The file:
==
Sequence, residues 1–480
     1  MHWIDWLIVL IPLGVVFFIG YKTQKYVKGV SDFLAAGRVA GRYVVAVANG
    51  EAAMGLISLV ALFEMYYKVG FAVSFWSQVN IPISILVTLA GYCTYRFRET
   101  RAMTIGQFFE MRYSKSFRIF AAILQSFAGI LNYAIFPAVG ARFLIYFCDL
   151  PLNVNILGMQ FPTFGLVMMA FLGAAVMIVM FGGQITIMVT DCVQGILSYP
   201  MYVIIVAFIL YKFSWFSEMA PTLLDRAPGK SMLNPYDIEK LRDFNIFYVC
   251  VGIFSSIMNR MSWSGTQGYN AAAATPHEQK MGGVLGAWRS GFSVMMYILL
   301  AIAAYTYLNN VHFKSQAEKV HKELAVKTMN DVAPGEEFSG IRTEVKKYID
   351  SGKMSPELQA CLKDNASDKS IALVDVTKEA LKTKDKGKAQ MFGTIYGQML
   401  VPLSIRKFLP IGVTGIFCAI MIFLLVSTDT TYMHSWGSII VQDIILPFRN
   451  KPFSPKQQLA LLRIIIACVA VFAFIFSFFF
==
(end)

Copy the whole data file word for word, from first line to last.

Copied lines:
Sequence, residues 1–480
     1  MHWIDWLIVL IPLGVVFFIG YKTQKYVKGV SDFLAAGRVA GRYVVAVANG
    51  EAAMGLISLV ALFEMYYKVG FAVSFWSQVN IPISILVTLA GYCTYRFRET
   101  RAMTIGQFFE MRYSKSFRIF AAILQSFAGI LNYAIFPAVG ARFLIYFCDL
   151  PLNVNILGMQ FPTFGLVMMA FLGAAVMIVM FGGQITIMVT DCVQGILSYP
   201  MYVIIVAFIL YKFSWFSEMA PTLLDRAPGK SMLNPYDIEK LRDFNIFYVC
   251  VGIFSSIMNR MSWSGTQGYN AAAATPHEQK MGGVLGAWRS GFSVMMYILL
   301  AIAAYTYLNN VHFKSQAEKV HKELAVKTMN DVAPGEEFSG IRTEVKKYID
   351  SGKMSPELQA CLKDNASDKS IALVDVTKEA LKTKDKGKAQ MFGTIYGQML
   401  VPLSIRKFLP IGVTGIFCAI MIFLLVSTDT TYMHSWGSII VQDIILPFRN
   451  KPFSPKQQLA LLRIIIACVA VFAFIFSFFF